A little-known fact that has gone largely unnoticed since the early 1990s has been the vital role played by Pakistan in the substantial expansion of Beijing-Ankara military-industrial collaboration over the last 17 years. Since 1985, Turkey has sent 18 military delegations comprising some 200 members while 14 Chinese military missions with about 330 representatives have visited Turkey at the same time. Sino-Turkish military-industrial cooperation began in the first half of the 1990s after Ankara’s negotiations with Washington for the joint production and technology transfer of the M-270 multiple launch rocket system (MLRS) failed. The US had then criticised Turkey for using US-supplied weapons for human rights abuses (against the Kurds), subsequently restricting weapons sales and military technology transfers to Turkey, and cutting off grants and loans earlier offered to Turkey for US-origin weapons. It was Pakistan which then informed Turkey that China was ready to fill the void, provided Turkey was willing to cooperate with China in the so-called fight against ‘Eastern Turkestan (Xinjiang)-sponsored terrorism’, namely to restrict, monitor and prevent the activities of Uyghur national organisations and leaders, most of whom were and are still based in Turkey. Consequently, since 1997 the Third Bureau (military attachés) of the People’s Liberation Army’s (PLA) General Staff Second Department (dealing with military intelligence) has been operating in Turkey as one of its most important, and presumably one of the most active, stations. Also in 1997, Turkey for the first time signed a contract with China for the procurement of 24 WS-1 302mm unguided rockets as well as 144 rockets for licenced-assembly in Turkey, to be supplied between 1998 and 2000. Turkey next began licence-producing the TR-300 rockets (or T-302, upgraded from the four-barrel WS-1B MLRS) under under the Turkish designation Kasırga (tornado).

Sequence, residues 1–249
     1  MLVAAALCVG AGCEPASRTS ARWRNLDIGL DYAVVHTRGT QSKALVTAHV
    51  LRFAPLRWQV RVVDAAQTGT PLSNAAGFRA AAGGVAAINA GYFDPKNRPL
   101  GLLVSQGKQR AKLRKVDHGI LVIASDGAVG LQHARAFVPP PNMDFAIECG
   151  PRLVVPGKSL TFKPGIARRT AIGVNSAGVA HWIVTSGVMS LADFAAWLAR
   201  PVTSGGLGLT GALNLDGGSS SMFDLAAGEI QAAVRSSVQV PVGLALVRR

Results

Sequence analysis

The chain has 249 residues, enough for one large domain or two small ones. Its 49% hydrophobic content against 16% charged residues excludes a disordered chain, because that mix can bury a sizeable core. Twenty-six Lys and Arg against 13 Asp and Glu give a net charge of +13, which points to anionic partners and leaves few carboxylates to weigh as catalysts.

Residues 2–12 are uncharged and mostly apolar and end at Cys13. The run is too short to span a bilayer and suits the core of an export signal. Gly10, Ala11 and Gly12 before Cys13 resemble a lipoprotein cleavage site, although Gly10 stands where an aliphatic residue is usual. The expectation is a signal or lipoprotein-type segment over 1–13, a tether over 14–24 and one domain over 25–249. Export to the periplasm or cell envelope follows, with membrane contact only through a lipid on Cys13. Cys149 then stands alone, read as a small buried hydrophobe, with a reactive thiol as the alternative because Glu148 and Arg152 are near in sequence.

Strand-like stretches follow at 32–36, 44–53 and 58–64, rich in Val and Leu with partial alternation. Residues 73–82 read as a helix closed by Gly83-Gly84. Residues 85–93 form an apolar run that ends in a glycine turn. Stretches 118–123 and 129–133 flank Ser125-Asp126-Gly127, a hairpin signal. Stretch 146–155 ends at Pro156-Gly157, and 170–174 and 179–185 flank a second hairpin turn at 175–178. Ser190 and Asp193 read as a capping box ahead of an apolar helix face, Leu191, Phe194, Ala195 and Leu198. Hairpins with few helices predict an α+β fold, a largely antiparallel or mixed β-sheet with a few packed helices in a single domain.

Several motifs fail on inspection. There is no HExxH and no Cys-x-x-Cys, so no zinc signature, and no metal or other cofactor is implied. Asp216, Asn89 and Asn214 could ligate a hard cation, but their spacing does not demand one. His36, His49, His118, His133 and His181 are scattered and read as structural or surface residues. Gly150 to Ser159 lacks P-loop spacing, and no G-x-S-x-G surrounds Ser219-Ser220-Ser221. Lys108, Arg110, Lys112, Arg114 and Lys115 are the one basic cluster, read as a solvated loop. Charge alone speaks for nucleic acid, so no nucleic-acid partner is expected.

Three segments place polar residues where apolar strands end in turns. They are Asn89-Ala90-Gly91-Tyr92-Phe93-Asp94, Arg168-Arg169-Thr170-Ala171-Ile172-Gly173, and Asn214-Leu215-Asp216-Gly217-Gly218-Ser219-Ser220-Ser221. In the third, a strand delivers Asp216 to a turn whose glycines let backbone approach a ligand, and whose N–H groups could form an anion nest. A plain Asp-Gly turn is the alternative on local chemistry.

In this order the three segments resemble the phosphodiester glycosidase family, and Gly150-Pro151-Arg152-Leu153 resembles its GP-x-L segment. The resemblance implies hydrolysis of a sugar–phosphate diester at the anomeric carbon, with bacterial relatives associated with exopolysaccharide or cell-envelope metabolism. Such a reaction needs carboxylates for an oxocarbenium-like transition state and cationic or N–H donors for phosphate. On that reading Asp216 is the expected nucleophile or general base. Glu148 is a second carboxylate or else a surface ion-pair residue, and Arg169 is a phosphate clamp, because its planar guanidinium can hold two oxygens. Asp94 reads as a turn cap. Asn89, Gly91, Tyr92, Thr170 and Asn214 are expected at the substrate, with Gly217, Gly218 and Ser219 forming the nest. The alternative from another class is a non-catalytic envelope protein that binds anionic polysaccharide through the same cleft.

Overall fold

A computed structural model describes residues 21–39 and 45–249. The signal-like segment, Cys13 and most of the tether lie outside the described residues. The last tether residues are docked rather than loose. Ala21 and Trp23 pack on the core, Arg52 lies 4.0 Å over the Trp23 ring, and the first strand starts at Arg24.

In late 1998, based on a similar contract signed with the state-owned China Precision Machinery Import-Export Corp (CPMIEC), Ankara ordered some 15 of China’s most advanced short-range surface-to-surface battlefield support missiles (SSBSM)--the 150km-range B-611--and under Project J-600T, began license-producing an additional 200 more under a US$300 million deal. The first such missiles—known as Yıldırım (thunderbolt), were deployed as early as 2001. The solid-fuelled Yildirim-2 variant, featuring a 300km-range, was subsequently developed jointly by the defence industries research and development institute of the Scientific and Technological Research Council of Turkey (TUBITAK-SAGE), Mechanical and Chemical Industry Corp (MKEK), and the state-owned China Aerospace Science and Industry Corp (CASIC), while it was series-produced by Roket Sanayii ve Ticaret (Roketsan). Another product jointly developed by TUBITAK and CASIC (and produced by Roketsan) since 2004 is the 70mm (2.75-inch) ‘Cirit’ guided air-to-surface missile, which is derived from the Tianyan TY-90 (Heavenly Swallow) air-to-air missile. The ‘Cirit’ features a semi-active laser homing seeker, Goodrich Corp-built SiIMU-02 inertial measurement unit (IMU) and a 3kg armour-piercing warhead built with Class 5 insensitive munitions. The 14kg, 1.9 metre-long missile has a range of 8km with a high probability of hit on a 3 × 3 metre target at this range.